MINNE SOTA BOARD Animal Health of MINNE SOTA BOARD Animal Healthof Annual Report Fiscal Year 2013...

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  • M I N N E S O TA B OA R D ofAnimal Health

    Annual Report Fiscal Year 2013

    This document is made available electronically by the Minnesota Legislative Reference Library as part of an ongoing digital archiving project. http://www.leg.state.mn.us/lrl/lrl.asp

  • Table of Contents

    Swine 4 Cattle 5 Poultry 6 - 7 Scrapie 8 Horses 9 Farmed Cervidae 10 - 11 Emergency Planning 12 Rabies 13 Traceability 14 - 15 Markets and Dealers 16 Garbage/Exempt Feeding 17 Carcass Disposal 17 Budget 18 Official Laboratory 19

    Board Members Dr. John Whitten, President • Alexandria Dr. Holly Neaton, Vice President • Watertown

    Steve Brake, Board Member • Wilmont

    Dean Compart, Board Member • Nicollet

    Paul Hanowski, Board Member • Warroad

    Dear Friends of Minnesota Agriculture,

    It has again been a busy year at the Board of Animal Health. We put the finishing touches on a four-year effort to rewrite all the Board of Animal Health rules. This was done so that our rules are up to date, well-organized and easier to understand. I would like to take this opportunity to say thank you to our stakeholders who were an active part in crafting those rules. The rule making process is long and arduous, but it provides extra time for input from those that will be affected.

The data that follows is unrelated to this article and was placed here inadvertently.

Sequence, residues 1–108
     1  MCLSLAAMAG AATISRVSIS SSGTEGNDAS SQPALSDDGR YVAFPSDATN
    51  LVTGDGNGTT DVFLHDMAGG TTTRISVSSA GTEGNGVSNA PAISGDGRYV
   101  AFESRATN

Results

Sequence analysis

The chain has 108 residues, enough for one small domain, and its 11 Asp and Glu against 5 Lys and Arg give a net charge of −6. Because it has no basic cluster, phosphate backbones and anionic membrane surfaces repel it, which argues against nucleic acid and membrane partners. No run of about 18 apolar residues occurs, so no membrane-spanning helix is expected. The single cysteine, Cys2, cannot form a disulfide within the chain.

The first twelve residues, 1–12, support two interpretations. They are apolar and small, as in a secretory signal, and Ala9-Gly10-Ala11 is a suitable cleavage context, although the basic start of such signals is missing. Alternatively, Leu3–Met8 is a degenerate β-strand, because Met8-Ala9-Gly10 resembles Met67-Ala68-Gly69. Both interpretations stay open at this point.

Nationally, there is a major effort to improve our ability to trace animals when it is necessary to contain disease. Our new rules require that breeding cattle be officially identified upon movement from the herd to another location. Also new is the requirement to keep records of purchase and sale of cattle. These new requirements are a big piece in improving traceability in Minnesota. To help livestock agriculture adjust to this process, we are distributing official ear tags at no cost to producers and veterinarians. We continually work with all stakeholders to help them adapt their businesses to these changes. Thanks to your cooperation, we have made great strides in that process as we continue preparing to respond to any future disease event.

    I take great pleasure in sharing with you the 2013 Minnesota Board of Animal Health Annual Report. The information contained within is from July 1, 2012 to June 30, 2013. For more information on our disease programs, I encourage you to explore the Board’s website at www.mn.gov/bah.

    Sincerely, Bill Hartmann Executive Director and State Veterinarian

    Board Meetings September 19, 2012 December 5, 2012

    February 20, 2013

    April 3, 2013

    The Annual Report of the Minnesota Board of Animal Health is published in accordance with

    the provisions of Minnesota Statutes. To receive additional copies, please send a request to


  • Cattle Testing cattle for bovine tuberculosis continues even though Minnesota regained its state TB Free status in 2011. Accredited veterinarians certified by the Board to TB test cattle have tested 22,500 animals this year for sale or export.